Behind the Mess at Walter Reed

Scott Lilly discusses the organizational strategies of the Bush administration leading up to the Walter Reed scandal.

Over the past half century, effective organizations have increasingly distributed power downward to middle and lower echelons so that the people who are the first to see a problem also have the authority to fix it. That is the model for innovative corporations, and even successful schools and non-profit organizations.

But it is no secret that for the past six years the federal government has been going in the exact opposite direction. Not only are individual employees and their section chiefs expected to parrot the company line, but agency heads and departmental secretaries are as well. A loyal and dedicated Secretary of the Treasury was shown the door when he ventured to speculate that tax cuts might result in large deficits. The CIA was virtually placed in receivership when it failed to produce politically correct intelligence about Iraq. And a budget officer at the Department of Health and Human Services was threatened with being fired if he explained his projections on the cost of a prescription drug bill pending in Congress.

The heavy hand of the White House is possibly most apparent in its centralization of power and decision making in the United States Army. Very early in the administration, the newly appointed Assistant Secretary of the Army for Civil Works, Mike Parker, was sacked when he commented publicly that the White House-requested funding level for the Army Corps of Engineers was insufficient to meet critical requirements.

The following year, highly regarded and highly decorated Army Chief of Staff Gen. Eric Shinseki responded to a question from the Senate Armed Services Committee on troop numbers that “something in the order of several hundred thousand soldiers” would be required to police a post-invasion Iraq. He was publicly rebuked, and 14 months before he was scheduled to retire, his replacement was announced. The Secretary of Defense even refused to attend his retirement ceremony.

And the following year, the administration sent the Army yet another strong message. When Secretary of the Army Thomas White was suspected of not fully supporting administration policy to alter a new weapons system, an investigation was launched and White was forced to resign. For nearly 18 months, a period that covered most of the early Iraq deployment, the Army was left with an acting secretary as the White House searched for a candidate that might prove more consistent in supporting the policies developed at higher levels.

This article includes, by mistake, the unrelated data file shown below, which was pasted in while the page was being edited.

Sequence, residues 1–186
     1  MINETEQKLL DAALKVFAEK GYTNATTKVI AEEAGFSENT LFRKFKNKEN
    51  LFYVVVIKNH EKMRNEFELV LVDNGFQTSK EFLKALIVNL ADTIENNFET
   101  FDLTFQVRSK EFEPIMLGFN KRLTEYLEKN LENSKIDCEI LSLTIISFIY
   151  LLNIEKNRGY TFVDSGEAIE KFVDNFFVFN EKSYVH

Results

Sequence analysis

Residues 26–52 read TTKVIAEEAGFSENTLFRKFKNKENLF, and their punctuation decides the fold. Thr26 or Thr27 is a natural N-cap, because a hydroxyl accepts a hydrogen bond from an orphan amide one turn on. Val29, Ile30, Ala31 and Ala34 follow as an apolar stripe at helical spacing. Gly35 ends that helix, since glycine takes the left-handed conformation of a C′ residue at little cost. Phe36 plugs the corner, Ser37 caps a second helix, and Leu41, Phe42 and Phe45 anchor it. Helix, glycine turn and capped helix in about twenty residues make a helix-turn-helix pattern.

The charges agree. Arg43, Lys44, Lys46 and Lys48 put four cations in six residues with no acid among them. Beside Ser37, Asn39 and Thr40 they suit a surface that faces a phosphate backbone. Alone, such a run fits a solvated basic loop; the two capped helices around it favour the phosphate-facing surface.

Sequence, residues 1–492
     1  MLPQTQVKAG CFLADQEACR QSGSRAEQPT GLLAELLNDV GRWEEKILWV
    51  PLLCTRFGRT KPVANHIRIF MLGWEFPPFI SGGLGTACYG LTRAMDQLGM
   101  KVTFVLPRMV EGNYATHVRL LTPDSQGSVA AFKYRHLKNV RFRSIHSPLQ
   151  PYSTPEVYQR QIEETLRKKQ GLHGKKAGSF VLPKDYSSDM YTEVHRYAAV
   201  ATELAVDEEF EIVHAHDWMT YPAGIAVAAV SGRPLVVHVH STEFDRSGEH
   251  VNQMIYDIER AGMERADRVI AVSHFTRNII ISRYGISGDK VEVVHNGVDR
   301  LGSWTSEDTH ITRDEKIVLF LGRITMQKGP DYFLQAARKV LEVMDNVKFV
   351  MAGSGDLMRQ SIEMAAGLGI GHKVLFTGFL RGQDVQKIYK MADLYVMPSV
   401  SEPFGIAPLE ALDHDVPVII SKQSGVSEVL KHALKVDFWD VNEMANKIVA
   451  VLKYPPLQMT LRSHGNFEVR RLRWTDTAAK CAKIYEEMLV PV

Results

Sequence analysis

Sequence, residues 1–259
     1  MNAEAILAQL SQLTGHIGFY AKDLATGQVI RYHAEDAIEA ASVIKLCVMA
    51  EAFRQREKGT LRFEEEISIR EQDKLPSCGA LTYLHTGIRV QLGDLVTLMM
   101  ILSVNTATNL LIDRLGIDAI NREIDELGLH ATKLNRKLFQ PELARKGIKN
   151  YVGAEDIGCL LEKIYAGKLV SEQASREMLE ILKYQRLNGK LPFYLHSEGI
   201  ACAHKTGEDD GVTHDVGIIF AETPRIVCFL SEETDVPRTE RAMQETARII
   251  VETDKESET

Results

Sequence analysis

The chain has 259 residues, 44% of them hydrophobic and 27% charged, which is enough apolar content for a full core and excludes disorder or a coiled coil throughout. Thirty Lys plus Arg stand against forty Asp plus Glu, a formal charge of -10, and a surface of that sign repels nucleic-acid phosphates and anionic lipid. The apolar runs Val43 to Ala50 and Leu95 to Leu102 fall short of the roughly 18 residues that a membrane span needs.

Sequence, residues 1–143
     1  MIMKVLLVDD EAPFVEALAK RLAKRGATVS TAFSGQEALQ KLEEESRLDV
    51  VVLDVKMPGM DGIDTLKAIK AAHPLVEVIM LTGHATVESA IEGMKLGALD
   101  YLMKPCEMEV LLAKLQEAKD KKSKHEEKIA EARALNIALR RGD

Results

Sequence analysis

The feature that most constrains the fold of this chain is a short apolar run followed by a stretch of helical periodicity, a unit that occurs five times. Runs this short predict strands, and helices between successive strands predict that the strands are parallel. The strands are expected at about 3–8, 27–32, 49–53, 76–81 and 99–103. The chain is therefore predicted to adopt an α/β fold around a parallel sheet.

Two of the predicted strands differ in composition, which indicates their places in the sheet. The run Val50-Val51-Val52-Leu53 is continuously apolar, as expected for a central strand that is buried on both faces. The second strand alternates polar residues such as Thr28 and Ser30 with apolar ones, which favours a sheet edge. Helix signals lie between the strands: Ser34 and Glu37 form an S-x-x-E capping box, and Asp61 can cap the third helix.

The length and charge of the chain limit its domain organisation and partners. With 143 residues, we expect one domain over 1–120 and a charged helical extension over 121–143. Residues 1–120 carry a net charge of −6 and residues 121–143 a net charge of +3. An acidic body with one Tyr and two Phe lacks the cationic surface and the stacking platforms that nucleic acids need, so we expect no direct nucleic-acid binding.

Most of the reporting on the Walter Reed scandal has overlooked this history but it is key to understanding why the commander at Walter Reed would tolerate such conditions.

Major General George Weightman spent 34 years in the United States Army before being selected to lead the North Atlantic Medical Command and Walter Reed Army Hospital. He was commissioned as a 2nd Lieutenant and served in infantry units for much of the nine-year period before earning his medical degree. Weightman, like virtually all of his fellow career soldiers, viewed the Army as his family, and his calling as a doctor made him even more sensitive to the needs of those in the family who are sick or injured.

So why would such a man tolerate the conditions that were revealed at Walter Reed? The obvious answer is that he should not have. But it is also important to note what the previous six years in the Army had taught senior officers about what the Bush administration expected of “good soldiers”: A “good soldier” does the best that can be done without demanding more resources or questioning decisions that are made above his pay grade.

Does anyone think that if George Weightman had been given the resources to fix the problems at Walter Reed and take care of the troops in his charge he would have refused to do so? Does anyone believe that prior to The Washington Post’s public expose demands for more resources at Walter Reed would have been met with any more tolerance than that afforded to Mike Parker or Eric Shinseki or Thomas White? Does anyone think that the conditions faced by recovering troops at Walter Reed are unique among health facilities maintained by the U.S. Army worldwide or that dozens of other Army commanders aren’t facing exactly the same issues which Weightman had to face?

Centralized, top-down decision making allows an organization to move very rapidly in the direction chosen by its leaders. But even a well-informed leadership will fail to see problems along the way or have the time to order remedies. Assuming that the White House would have wanted these problems fixed, they did not grant those who were aware of them the authority to take action; as a result, they cannot escape responsibility for the scandalous manner in which our returning injured soldiers are being treated.

Scott Lilly is a Senior Fellow at the Center for American Progress where his work focuses on a wide range of areas, including governance, federal budgeting, national security, and the economy. He served two years as an enlistee in the U.S. Army.

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Scott Lilly

Senior Fellow